VENTNOR has always had something special, quirky, about it, but ten years of the homegrown Ventnor Fringe Festival has really put the town on the cultural map.

The arty, hip, diverse Fringe has changed the town in a multitude of ways.

This week Ventnor has been bursting with talent, with both locals and visitors flocking to see it.

Moving away from its traditional August slot, the earlier dates meant it could attract comedians and artists in the run up to Edinburgh Fringe, instead of clashing with it.

The move coincided nicely with a burst of prolonged sunshine, which helped the feelgood factor and the ability to enjoy a cold drink outdoors in a re-useable specially-printed Fringe beaker.

It's all thanks to a team of dedicated young people, led by Jack Whitewood and Mhairi Macaulay, who started the festival at the sort of age when most people are leaving the Island to live in supposedly more exciting places.

Jack and Mhairi had a belief that Ventnor could be such a place, and over the years they have helped turn it into one.

Venues in the town that hadn't seen the light of day for years, were discovered by the Fringe team, so over the decade there have been performances in underground tunnels, people's houses, empty buildings, and more — showcasing the potential the town has.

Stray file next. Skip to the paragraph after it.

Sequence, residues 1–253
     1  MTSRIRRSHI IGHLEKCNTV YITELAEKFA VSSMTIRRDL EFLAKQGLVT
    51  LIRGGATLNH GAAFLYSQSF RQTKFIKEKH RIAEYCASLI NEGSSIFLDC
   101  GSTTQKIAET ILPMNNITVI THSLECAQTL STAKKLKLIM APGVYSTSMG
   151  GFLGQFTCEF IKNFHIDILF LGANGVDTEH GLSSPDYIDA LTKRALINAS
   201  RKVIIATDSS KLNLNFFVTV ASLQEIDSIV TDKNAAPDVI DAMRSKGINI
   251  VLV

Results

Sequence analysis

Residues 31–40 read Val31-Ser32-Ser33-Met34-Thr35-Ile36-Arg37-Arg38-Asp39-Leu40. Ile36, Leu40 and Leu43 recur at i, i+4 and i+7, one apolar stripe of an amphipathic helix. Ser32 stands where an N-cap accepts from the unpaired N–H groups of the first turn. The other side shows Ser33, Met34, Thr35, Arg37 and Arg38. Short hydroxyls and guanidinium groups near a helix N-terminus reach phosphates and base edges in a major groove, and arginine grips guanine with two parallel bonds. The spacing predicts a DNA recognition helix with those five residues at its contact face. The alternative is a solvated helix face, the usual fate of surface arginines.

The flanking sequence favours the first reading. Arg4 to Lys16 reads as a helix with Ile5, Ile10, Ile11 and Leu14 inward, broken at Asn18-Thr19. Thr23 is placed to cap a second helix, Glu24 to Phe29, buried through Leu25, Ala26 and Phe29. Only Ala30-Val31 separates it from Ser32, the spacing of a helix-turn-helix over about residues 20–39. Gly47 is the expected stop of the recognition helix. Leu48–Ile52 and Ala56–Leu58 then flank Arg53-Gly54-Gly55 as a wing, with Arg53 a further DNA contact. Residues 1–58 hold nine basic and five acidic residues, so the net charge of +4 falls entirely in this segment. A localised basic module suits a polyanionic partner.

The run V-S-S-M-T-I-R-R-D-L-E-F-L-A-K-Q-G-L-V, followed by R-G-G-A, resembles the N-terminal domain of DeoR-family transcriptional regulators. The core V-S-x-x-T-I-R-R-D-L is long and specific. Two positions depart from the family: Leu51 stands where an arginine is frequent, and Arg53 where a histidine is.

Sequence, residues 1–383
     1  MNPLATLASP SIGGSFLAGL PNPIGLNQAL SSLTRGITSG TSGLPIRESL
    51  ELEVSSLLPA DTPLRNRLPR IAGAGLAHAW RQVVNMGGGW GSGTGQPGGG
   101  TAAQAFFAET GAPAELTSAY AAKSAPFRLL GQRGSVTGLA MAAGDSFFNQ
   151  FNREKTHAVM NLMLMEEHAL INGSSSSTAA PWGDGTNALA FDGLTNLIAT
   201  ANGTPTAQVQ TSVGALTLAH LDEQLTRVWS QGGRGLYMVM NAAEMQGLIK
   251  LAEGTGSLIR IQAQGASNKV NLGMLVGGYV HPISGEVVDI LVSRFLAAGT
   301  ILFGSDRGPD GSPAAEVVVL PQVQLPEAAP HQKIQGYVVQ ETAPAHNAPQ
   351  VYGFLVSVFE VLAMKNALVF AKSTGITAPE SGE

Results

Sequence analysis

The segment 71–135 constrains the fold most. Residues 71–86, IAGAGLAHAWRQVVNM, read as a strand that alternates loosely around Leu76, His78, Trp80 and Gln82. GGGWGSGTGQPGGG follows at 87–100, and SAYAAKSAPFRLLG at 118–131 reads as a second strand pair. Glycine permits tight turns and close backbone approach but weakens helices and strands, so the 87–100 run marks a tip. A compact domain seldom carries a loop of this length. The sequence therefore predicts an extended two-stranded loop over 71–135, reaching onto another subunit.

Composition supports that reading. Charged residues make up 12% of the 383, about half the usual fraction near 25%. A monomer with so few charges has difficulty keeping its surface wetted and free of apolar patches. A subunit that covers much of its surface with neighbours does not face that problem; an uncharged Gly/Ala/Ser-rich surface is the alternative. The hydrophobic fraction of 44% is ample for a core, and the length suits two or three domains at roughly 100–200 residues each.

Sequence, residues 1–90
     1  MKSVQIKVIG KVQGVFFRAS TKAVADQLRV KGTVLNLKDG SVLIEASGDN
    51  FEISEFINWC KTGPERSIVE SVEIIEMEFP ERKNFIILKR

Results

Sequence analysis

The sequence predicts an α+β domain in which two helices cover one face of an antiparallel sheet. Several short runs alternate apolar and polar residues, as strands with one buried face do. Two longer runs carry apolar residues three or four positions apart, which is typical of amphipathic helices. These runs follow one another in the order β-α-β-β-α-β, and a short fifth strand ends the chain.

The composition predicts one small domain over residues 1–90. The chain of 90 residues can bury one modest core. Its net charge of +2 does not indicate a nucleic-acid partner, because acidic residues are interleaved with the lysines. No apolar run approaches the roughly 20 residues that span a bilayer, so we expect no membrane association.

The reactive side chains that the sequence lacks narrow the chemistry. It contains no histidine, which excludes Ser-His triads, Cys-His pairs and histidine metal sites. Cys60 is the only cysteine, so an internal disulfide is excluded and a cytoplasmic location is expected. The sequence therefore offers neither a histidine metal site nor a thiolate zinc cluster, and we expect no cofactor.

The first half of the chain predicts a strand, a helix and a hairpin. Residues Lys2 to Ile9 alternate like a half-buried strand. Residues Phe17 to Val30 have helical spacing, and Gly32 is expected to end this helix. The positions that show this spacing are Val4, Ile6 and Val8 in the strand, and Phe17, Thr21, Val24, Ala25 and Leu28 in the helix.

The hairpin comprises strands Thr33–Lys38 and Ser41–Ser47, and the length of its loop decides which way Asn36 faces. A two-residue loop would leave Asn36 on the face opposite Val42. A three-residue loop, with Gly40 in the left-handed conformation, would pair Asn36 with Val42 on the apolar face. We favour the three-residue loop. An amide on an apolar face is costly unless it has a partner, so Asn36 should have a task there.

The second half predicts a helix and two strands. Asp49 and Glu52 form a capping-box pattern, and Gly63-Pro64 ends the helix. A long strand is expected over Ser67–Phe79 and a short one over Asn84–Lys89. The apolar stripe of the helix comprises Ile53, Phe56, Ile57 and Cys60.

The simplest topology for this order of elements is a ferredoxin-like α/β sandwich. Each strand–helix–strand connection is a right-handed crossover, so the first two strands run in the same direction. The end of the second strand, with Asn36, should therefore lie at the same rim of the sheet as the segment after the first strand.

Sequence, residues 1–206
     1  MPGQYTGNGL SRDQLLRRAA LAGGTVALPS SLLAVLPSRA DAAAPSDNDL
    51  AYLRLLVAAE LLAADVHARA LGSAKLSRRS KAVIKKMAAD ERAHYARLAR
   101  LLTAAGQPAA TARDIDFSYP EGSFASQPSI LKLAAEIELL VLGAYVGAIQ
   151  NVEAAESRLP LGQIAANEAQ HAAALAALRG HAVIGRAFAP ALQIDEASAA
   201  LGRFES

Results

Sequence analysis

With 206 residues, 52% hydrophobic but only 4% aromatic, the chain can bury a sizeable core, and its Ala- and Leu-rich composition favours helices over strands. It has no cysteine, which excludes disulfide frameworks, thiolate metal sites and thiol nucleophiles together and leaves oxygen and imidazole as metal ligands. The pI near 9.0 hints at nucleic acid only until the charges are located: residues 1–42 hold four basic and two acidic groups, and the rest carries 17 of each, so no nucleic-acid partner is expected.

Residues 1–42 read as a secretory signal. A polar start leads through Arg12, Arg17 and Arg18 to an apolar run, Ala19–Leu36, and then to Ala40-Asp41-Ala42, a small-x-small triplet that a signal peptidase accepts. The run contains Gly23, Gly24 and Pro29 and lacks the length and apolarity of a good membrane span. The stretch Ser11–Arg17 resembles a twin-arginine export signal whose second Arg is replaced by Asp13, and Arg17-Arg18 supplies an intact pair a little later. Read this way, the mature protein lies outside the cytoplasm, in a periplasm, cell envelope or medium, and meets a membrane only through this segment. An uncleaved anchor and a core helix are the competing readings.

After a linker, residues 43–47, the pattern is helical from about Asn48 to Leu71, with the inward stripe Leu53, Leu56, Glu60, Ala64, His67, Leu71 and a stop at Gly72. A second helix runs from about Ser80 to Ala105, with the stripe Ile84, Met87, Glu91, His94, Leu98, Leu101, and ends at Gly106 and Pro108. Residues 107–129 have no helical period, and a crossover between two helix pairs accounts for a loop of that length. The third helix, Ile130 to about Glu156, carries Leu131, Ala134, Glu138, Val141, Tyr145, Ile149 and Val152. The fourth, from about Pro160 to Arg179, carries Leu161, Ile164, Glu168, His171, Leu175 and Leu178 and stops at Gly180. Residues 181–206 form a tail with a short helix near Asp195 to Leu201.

One thing the Fringe has succeeded so well at, is in getting everyone on board.

The businesses all benefit from the extra footfall, but it is more than that — many of them open their doors to provide unusual venues for the acts.

Hence Ventnor Darlings serenading from the balcony of Tour de Monde on the High Street, the RUG Band playing in the launderette, Mike Christie from G4 singing in St Catherine's Church — there were more than 100 other gigs this year alone that could be listed as examples.

Another big change to Ventnor, thanks to the Fringe, is the permanent artwork created by street artist Phlegm last year, which proudly adorns a huge wall on the High Street. It was met with nothing but positivity from locals.

There was a huge photography project, Portrait of a Town, a few years ago, which captured hundreds of Ventnor faces, and displayed them on posters all over town. It was another bold and imaginative move by the Fringe team.

As the marquees are taken down and the final edition of the Fringe newspaper, Fringe Review, is printed, one can only get excited about what surprises the team have in store for 2020.